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Jul 1, 2008 05:48 PM

the sharp thorns on the tip of artichoke leaves...

ok, this is probably a ridiculously stupid question, but we had artichokes for dinner last night, and everytime I prepare them, I think about it, and last night I swore to myself that I would finally ask the hounds:

So, the sharp thorn-like tips on the edge of the artichoke leaf (that one trims off with one's kitchen scissors); do all varieties of artichokes have them? (how many varieties of artichoke are there, anyway?) Are they the sign of an overly mature artichoke? (the ones I ate last night were fairly big).

I ask because I've been preparing artichokes for years but it is only in the past few years that I have felt a need to trip those points (or at least that I can recall feeling a need to trim the points). Previously, (as far as I can remember) my trimming consisted merely of cutting off the stem and pulling off a very few of the outer leaves (but not all the way to the top of the choke, and last night there were sharp thorns on all but the very top few leaves). I am certain I didn't trim them with kitchen scissors when I was younger. Heck, I doubt if I even owned kitchen scissors when I was younger.

I'd hate to think I was endangering the mouths of my dinner guests all those years, but can't figure out any reason that the choke would have changed, so perhaps my sensibilities did?'

Any insight welcome!

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  1. I can see how those tips could harm a guest's fingers, but the mouth? I don't eat that end of the leaf.

    Artichokes are a type of thistle, so it shouldn't be surprising that some have sharp points.

    2 Replies
    1. re: paulj

      My only fear of artichokes is that they often cost $4 a throw.

      1. re: paulj

        well, yes, you eat the other side, but it still could scrape your mouth (or fingers) if you weren't careful, particularly if the leaf wasn't that big. and yes, I know they are a type of thistle, but I can't figure out why I never noticed the thorns till relatively recently (and now they all have the thorns).

        Sigh, no real answers to my stupid question. I guess that means either no one else knows the answer either, or I just was oblivious to the thorns until I passed fifty....

      2. This isn't a stupid question. I've been addled by the thorns myself. I know you don't eat that side, but I'm such a klutz, and it's more a matter of serving other people. I'm afraid of pricking me and others, so I end up slicing at least the top off, but then we have the same problem w/ the inner leaves, and the further in you go, the higher likelihood of pricking, b/c the leaves get smaller. It's gotten to a point where I go to the farmer's market, and I will often not get artichokes, b/c I don't know what to do about the thorns. . .. I mean what do people with kids do?

        2 Replies
        1. re: anzu

          I've been eating artichokes since I've been able to eat solid food, the thorns aren't all that much of a problem if you're paying attention.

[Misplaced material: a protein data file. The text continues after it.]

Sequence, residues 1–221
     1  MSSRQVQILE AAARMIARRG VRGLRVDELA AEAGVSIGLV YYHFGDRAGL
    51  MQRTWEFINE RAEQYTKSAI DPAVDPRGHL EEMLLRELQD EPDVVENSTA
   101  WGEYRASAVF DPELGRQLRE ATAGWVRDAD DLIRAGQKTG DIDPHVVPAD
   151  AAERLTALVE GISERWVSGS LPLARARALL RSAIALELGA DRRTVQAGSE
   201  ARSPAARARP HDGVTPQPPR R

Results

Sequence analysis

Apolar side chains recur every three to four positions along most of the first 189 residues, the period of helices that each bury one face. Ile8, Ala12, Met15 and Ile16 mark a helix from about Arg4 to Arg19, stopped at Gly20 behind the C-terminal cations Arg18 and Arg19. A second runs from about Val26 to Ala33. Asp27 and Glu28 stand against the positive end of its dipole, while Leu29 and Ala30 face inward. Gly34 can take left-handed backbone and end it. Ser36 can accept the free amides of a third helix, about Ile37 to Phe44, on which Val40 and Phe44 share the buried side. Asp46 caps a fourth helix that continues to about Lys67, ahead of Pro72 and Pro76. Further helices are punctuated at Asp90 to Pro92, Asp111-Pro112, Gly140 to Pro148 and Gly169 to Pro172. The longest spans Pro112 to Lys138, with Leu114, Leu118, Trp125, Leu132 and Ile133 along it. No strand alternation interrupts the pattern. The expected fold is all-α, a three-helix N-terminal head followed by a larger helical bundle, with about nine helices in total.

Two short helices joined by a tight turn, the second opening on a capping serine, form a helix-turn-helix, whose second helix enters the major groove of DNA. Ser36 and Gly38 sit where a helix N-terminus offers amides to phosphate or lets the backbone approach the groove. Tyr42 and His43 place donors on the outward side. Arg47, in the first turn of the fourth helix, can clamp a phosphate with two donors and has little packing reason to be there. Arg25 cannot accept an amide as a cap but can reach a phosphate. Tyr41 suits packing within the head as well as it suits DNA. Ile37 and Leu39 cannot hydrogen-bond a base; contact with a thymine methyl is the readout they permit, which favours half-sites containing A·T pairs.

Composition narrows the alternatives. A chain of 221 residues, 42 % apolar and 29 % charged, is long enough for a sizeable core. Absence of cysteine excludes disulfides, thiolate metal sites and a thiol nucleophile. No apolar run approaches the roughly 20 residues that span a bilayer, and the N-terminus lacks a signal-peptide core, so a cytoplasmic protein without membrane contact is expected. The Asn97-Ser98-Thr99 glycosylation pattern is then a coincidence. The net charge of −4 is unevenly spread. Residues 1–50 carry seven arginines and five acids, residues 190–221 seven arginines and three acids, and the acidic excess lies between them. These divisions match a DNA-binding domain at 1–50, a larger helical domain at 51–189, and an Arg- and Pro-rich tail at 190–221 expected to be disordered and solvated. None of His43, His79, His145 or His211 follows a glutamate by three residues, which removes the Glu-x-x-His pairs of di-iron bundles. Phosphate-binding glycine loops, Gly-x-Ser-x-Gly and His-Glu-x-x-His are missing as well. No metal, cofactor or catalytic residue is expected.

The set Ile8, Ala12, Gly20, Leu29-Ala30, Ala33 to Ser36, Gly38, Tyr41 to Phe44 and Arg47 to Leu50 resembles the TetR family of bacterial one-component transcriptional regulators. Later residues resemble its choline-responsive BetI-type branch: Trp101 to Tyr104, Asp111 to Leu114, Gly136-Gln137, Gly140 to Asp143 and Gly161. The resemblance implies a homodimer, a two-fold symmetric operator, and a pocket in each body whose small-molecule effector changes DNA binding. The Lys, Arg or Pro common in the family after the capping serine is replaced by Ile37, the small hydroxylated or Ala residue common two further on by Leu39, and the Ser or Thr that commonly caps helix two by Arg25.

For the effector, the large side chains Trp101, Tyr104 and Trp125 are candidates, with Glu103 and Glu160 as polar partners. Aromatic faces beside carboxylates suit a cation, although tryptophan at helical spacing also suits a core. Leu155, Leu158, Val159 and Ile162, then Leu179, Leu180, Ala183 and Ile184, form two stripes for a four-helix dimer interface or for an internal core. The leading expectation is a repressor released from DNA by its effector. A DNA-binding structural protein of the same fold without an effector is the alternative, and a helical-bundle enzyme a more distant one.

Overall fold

1. re: rockfish42

            agree with rockfish. as a kid artichokes were the greatest because it was food your parents MADE you play with. pulling it apart piece by piece, dipping it in sauce, scraping it between your teeth, the discard pile.... all followed by attacking the heart, getting rid of the fuzz. and part of that was being aware of/careful of the thorns. sure i got poked once or twice, but these are hardly huge poisoned darts, they are little thorns in a consistent location. I got poked a lot more working in a florist de-thorning roses. it's kind of like sewing... after you poke yourself a couple of times you learn to be careful.

        2. I am well over fifty and have not noticed any difference. I just cut the entire end off with a knife before cooking. It is easier but messier after cooking.

          1 Reply
          1. re: Sinicle

            My mother did this, and so do I. Cut off the end and then cut off the rest of the thorns with kitchen shears. It doesn't take that much longer and you don't get stabbed.

          2. If you weren't stabbing yourself while preparing them, then you probably weren't endangering your guests by serving them. Regardless, it probably has to do with the variety you're used to getting.

            According to, there are four major varieties of the plant: the Green Globe (with thorns that are prominent, but less so in the winter and spring), the Desert Globe (with thorns that are not prominent), and two thornless varieties, the Big Heart and the Imperial Star.

            There was a thread a while back where some folks complained that the thornless varieties lack flavor. Me, I never met an artichoke I didn't like.

            2 Replies
            1. re: alanbarnes

              actually, I have stabbed myself while preparing them...guess I am unusually clumsy! :-( . But thanks for the input. Did a search but couldn't find that you have a link?

              1. re: susancinsf

                Me too. Which leads us to a new question: why does an artichoke wound hurt so much more than a simple pinprick?

                I bought a big bag of little 'chokes at a local farmers market earlier this year, and they seemed to be about 25% thorns by weight. But they were 10 or 20 for a dollar, and quite tasty, so I couldn't complain. (Actually I could, but nobody would listen).

                Anyway, here's the thread:

              1. re: Sam Fujisaka

                I snip the tops, but my parents never did.. I must be a member of the wuss generation. I just want to make this wondrous veggie accessible to the masses.